Tuesday, December 21, 2010

Haley Barbour's Southern History

One of the rumored potential 2012 GOP candidates for President is Hailey Barbour, Governor of Mississippi. With an interview now published in the current issue of the Weekly Standard, Governor Barbour has hit a major pothole along the path to Iowa and New Hampshire. Liberal bloggers are in full outrage and conservatives are sharply inhaling and groaning. Why? Governor Barbour mentioned the White Citizens Council from his youth growing up in Yazoo City, Mississippi.

Those of us who grew up in the Deep South as white kids in the 1960's and 1970's suffer from a bit of selective amnesia when it comes to race relations. My experience is different than, for example, Condi Rice. We are but a year apart in age. She was born in Alabama, me in Biloxi, Mississippi. She was raised there and then in Colorado. I was raised in Louisiana. She was best friends with a little girl killed in a church bombing. I have nothing to compare with that experience.

What is this White Citizens Council? I had not heard of it before today. Another part of the southern experience not my own, I am coming at growing up Southern as a first generation southerner. My parents moved to Mississippi in the early 1950's from Indiana. My father, fresh out of college classes at Indiana University in Bloomington, inherited a small business from an Uncle and began life as a newlywed in Ocean Springs with my mother. I was born in Biloxi because there was no hospital in Ocean Springs.

According to this, the White Citizens Council is described as:
Southern opponents of racial integration organized white citizens councils to obstruct the implementation of the 1954 decision by the U.S. Supreme Court to end school desegregation, Brown v. Board of Education of Topeka. Originating in Mississippi, the councils advocated white supremacy and resorted to various forms of economic pressure against local advocates of desegregation. They attempted to win support for their views by describing the horrors that integrated education would supposedly bring. By the 1960s, as the pace of desegregation in southern schools accelerated, the councils grew steadily weaker. By the 1970s they were only of marginal importance.

Yeah, "opponents of racial integration" would not be a good thing. He was asked why he thought racial integration in the local school system went smoothly. Why wasn't there the racial turmoil presented in news accounts?

“Because the business community wouldn’t stand for it,” he said. “You heard of the Citizens Councils? Up north they think it was like the KKK. Where I come from it was an organization of town leaders. In Yazoo City they passed a resolution that said anybody who started a chapter of the Klan would get their ass run out of town. If you had a job, you’d lose it. If you had a store, they’d see nobody shopped there. We didn’t have a problem with the Klan in Yazoo City.”In interviews Barbour doesn’t have much to say about growing up in the midst of the civil rights revolution. “I just don’t remember it as being that bad,” he said. “I remember Martin Luther King came to town, in ’62. He spoke out at the old fairground and it was full of people, black and white.”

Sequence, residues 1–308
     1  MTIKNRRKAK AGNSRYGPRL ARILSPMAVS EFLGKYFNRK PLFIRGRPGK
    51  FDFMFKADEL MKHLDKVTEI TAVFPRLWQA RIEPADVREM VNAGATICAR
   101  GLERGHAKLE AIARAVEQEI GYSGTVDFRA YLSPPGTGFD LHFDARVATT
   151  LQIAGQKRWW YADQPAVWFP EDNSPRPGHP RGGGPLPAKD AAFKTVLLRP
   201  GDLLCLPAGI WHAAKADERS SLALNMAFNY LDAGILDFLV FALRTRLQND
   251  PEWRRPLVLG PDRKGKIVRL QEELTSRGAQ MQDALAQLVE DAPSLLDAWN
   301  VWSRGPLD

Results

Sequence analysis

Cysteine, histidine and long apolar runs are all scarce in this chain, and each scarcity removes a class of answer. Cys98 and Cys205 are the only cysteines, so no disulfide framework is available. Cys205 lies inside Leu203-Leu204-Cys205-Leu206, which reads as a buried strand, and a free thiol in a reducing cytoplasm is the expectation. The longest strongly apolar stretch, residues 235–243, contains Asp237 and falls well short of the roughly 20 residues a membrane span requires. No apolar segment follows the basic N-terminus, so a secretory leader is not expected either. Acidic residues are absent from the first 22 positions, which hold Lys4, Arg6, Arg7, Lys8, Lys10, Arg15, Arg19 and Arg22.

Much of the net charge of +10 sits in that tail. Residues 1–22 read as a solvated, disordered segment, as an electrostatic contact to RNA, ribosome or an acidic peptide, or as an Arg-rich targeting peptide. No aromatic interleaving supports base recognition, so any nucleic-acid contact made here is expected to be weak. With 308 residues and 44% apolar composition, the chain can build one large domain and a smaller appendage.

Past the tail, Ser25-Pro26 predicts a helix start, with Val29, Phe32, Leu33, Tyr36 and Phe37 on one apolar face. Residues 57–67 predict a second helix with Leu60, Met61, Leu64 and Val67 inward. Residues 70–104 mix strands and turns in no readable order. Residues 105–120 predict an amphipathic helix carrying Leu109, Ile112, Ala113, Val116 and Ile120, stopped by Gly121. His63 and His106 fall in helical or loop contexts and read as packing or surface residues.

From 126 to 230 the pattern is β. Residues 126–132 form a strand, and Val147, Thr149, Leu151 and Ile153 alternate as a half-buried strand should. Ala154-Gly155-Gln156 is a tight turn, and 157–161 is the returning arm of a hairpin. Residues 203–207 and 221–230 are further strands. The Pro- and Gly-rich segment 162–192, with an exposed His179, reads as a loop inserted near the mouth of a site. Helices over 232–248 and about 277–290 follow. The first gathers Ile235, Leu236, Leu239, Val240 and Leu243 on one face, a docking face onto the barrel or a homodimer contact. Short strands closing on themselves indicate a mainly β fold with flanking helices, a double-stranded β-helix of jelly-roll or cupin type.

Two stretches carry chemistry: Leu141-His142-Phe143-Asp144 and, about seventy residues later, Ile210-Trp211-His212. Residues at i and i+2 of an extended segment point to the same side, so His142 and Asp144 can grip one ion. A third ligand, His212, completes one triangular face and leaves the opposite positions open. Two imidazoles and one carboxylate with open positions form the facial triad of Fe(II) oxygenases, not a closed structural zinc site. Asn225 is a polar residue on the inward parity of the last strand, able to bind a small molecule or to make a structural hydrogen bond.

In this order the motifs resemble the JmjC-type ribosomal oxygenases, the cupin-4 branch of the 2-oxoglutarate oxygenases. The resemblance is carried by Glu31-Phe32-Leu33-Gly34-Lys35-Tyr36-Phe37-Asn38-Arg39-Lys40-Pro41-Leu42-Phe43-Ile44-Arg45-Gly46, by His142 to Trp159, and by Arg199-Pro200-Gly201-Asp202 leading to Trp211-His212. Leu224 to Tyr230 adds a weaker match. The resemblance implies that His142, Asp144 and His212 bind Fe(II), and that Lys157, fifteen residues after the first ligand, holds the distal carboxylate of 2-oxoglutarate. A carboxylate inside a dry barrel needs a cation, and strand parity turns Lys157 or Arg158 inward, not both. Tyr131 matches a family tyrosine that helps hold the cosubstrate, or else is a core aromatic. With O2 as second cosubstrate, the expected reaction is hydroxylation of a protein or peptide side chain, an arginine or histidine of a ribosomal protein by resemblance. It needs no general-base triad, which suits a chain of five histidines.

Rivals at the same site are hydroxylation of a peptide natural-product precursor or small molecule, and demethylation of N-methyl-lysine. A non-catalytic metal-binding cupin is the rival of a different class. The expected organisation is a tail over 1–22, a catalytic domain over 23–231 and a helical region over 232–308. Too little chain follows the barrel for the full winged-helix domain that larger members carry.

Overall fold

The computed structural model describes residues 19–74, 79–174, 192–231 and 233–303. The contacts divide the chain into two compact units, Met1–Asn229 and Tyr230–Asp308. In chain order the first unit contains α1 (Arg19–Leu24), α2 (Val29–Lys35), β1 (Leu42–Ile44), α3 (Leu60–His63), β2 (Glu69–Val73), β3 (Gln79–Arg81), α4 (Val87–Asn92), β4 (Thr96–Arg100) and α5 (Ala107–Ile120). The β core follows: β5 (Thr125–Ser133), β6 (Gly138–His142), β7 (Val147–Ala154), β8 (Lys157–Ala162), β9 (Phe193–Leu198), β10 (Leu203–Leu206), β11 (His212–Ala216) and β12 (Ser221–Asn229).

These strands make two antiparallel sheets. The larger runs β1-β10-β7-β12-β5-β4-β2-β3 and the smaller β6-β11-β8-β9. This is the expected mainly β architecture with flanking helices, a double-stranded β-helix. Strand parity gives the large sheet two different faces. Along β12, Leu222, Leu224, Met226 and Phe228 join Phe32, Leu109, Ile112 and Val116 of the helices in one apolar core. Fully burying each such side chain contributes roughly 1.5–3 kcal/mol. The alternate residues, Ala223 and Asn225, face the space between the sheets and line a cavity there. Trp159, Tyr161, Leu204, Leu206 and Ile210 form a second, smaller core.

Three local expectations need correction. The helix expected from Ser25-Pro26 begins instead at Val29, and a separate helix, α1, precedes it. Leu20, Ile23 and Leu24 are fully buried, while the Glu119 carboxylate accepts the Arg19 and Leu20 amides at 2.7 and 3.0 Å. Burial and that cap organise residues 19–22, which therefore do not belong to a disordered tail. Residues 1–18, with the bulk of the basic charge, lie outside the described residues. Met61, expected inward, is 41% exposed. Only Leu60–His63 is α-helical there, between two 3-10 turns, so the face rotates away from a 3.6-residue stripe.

Did you go? I asked.

“Sure, I was there with some of my friends.”

In Barbour's memory, the business council enforced peaceful integration. He looked upon them as a group of business men looking out for the community.

Barbour was from a long line of Democrats, also standard for the time. The year 1965 was also a signal year in Barbour’s political development. His older brother Jeppie came home from the Army and shocked the family by declaring himself a Goldwater Republican. As a politically well-connected family in Mississippi, Barbours had been bred to be Democrats since the Pleistocene Era. But there were subtleties and gradations. “We were Eastland Democrats,” Haley told me, referring to James O. Eastland, the long-serving U.S. senator, steadfast conservative, committed segregationist, and the bane of the national party’s left wing. As it happened, Barbour said, “our grandfather was Eastland’s daddy’s lawyer.” The two families had long been close. (“Mississippi is more like a club than a state—everybody knows each other,” Chuck Jordan said.) Coming out as a Republican, Haley said, “took a lot of guts on my brother’s part.”

When my parents moved to Mississippi in the early 1950's, they were not allowed to register as Republicans. Not allowed. There was only the possibility of registering as a Democrat. Condi Rice has a story in her memoir that her parents registered to vote as Republicans in Alabama because as blacks, they were experiencing problems with that act. Her parents registered as Republican in the end, as there was a white woman there trying to grow the party and welcomed everyone.

So, in telling his story, Barbour speaks from his own perspective. In his own reality, there was no big disruption over civil rights. Black people have a different perspective. It was, indeed, a very difficult time in the south. No one thinks Barbour is a racist - he has a sterling reputation as a good man among even the harshest liberal ideologues. But, this will be seized upon and taken out of context by those wishing to bloody him in the political arena.

Running for the highest office in the land as a Southern man with a thick accent is difficult enough. There are those in our country who still hold on to old stereotypes - Southern people are dumb because they speak slowly, are racists, are not well-educated, and lazy because life is a bit slower. I will defend a fellow Southerner any day over false charges.

Anyone want to open the discussion to how cities like Boston handled school integration? Until people can have an honest conversation about race in our country, the stereotypes continue.

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